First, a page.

May 21, 2014
Chicago and Cook County residents who followed the pension debate at the State of Illinois might be surprised by the fact that proposals for pension reform for the City of Chicago and Cook County and pension reform legislation enacted for the Chicago Park District all require increases to employer contributions. This is in direct contrast to an Illinois process that focused on evaluating how much various proposals would save the State in contributions immediately and over time. Why won’t the significant pension changes proposed by Chicago area governments reduce employer contributions?
The short answer is that Chicago, Cook County and the Chicago Park District (among other local governments in northeastern Illinois) have been contributing an amount that is far below the actuarial needs of the pension funds. In contrast, the State of Illinois’ 50-year funding plan has required it to increase its level of pension funding over the past twenty years so that it is now contributing an actuarially-calculated amount that is determined by the needs of the fund. Thus, when state pension benefits were reduced by legislation passed last year, the cost curve of the pension program was bent to a level that triggered a decrease in the amount of employer contributions necessary to fund the annual cost of the program and pay off the unfunded liability.
City, County and Park District contributions are currently so low that even significant reforms would not reduce costs below current contribution levels. So while pension reforms are projected to save money, those savings do not show up in comparison to their current funding levels, but in comparison to what governments ought to have been contributing.
A calculation of what governments should contribute to their pensions is part of the financial reporting requirements for public pension funds and their associated governments, which are set by the Governmental Accounting Standards Board (GASB). GASB standards require disclosure of an Annual Required Contribution (ARC). The ARC is the calculated payment that would fully fund the annual cost of the program and amortize the unfunded liability over 30 years. This amount is combined with any underfunding from previous years and interest on the annual and past shortfalls. The ARC is a reporting, not a funding requirement.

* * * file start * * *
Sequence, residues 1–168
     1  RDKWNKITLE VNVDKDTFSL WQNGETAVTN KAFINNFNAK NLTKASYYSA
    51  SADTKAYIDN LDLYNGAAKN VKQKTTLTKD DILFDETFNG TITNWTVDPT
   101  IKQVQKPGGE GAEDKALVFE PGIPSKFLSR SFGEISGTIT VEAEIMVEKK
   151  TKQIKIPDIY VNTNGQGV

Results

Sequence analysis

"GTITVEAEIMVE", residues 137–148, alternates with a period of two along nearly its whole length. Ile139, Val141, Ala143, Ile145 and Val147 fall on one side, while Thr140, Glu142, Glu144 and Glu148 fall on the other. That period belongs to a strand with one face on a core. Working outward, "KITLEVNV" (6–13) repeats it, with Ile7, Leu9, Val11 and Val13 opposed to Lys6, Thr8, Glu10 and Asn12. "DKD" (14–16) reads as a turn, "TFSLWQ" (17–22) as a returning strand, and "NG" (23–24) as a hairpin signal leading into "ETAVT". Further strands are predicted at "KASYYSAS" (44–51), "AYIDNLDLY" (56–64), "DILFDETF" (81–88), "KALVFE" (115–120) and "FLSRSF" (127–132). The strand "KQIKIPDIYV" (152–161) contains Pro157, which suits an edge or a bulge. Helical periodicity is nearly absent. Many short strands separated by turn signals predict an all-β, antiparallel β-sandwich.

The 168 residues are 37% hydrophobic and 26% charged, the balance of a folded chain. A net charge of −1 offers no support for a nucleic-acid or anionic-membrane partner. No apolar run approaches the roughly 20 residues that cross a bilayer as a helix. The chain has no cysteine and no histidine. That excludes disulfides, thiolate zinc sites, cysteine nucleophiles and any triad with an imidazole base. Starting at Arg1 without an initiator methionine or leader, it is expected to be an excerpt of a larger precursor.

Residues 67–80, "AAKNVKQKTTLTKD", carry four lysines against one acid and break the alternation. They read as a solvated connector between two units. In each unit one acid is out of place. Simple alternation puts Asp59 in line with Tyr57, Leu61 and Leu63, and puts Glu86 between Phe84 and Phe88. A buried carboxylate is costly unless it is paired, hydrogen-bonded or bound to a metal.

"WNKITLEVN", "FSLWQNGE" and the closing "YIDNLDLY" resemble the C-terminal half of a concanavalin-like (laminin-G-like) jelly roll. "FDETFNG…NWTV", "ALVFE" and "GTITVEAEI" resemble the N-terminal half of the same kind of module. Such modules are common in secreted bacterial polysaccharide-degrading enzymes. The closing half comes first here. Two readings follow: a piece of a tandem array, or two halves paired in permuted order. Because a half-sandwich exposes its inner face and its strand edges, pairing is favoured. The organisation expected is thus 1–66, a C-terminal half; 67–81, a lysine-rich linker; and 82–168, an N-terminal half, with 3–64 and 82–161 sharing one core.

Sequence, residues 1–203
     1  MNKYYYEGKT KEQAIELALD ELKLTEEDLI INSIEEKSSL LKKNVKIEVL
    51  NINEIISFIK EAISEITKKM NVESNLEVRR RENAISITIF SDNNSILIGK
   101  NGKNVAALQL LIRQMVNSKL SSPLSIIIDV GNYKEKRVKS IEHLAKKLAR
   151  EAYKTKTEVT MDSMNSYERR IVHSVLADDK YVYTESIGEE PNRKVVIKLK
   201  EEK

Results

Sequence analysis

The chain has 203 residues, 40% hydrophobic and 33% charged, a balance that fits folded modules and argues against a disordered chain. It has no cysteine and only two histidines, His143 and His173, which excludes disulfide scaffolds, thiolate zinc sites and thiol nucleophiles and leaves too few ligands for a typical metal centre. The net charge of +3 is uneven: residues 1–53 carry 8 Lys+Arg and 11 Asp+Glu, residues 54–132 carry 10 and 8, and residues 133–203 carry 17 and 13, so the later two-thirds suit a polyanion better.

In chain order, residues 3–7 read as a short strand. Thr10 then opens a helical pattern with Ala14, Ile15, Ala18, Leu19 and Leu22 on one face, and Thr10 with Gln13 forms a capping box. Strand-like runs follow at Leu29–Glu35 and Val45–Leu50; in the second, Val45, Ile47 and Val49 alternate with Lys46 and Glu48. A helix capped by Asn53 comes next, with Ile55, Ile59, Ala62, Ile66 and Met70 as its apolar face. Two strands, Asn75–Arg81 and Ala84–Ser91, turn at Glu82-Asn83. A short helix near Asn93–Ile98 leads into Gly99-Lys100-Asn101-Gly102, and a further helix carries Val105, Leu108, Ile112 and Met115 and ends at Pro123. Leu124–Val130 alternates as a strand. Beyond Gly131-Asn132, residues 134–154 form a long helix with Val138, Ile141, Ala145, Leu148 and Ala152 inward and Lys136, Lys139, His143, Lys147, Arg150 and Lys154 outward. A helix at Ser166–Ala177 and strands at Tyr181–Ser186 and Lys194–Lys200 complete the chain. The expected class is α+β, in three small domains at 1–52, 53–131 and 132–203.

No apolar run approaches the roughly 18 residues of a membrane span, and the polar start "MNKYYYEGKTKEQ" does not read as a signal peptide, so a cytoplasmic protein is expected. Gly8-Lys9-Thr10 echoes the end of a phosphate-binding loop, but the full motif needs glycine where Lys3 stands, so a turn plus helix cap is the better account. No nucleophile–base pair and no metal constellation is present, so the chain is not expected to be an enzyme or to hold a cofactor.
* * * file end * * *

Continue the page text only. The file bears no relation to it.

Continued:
Under state statute, several Chicago area governments are not required to make contributions to their pension funds based on the pensions’ funding needs, but instead contribute a set multiple of what employees contributed two years prior. Since these multiplier contributions do not adjust according to the needs of the fund, employer funding levels for the Chicago area governments are very low compared to the ARC measure of actuarially sound funding.
For ten pension funds in the Chicago area, aggregate pension contributions in FY2012 were only 31.3% of the ARC. The table below compares employer pension contributions to the ARC and to payroll. Comparing ARC to payroll provides a sense of scale and affordability.
The following three charts illustrate the growing gap over the past 10 years between the ARC as a percent of payroll and the actual employer contribution as a percent of payroll. These charts provide a visual clue of how much pension costs would need to be cut from current benefit levels in order to allow a decrease to pension contributions.
Under current benefit levels, to fund the City of Chicago’s four pension plans at a level that would both cover normal cost and amortize the unfunded liability over 30 years, the City would have needed to contribute an additional 32.0% of payroll, or $1.0 billion, in FY2012.
To fund current Cook County pension and retiree health care plans at a level that would both cover normal cost and amortize the unfunded liability over 30 years, Cook County would have needed to contribute an additional 31.2% of payroll, or $461.3 million, in FY2012.
To fund the current Chicago Park District pension fund benefits at a level that would both cover normal cost and amortize the unfunded liability over 30 years, the District would have needed to contribute an additional 15.6% of payroll, or $17.2 million in FY2012.
While the Civic Federation supports comprehensive pension reforms for Chicago area governments, the funds’ precarious fiscal position and history of underfunding will require an infusion of revenue. Shared sacrifice to ensure local pension funds will remain a reliable source of retirement benefits for government workers will entail BOTH cuts to employee benefits and increased taxpayer investment.
 Implementation of the State’s pension reform law had been scheduled to take effect on June 1, 2014, but retiree groups and a union coalition called We Are One Illinois won a temporary restraining order and preliminary injunction in Sangamon County Circuit Court that will prevent it from taking effect pending the outcome of litigation.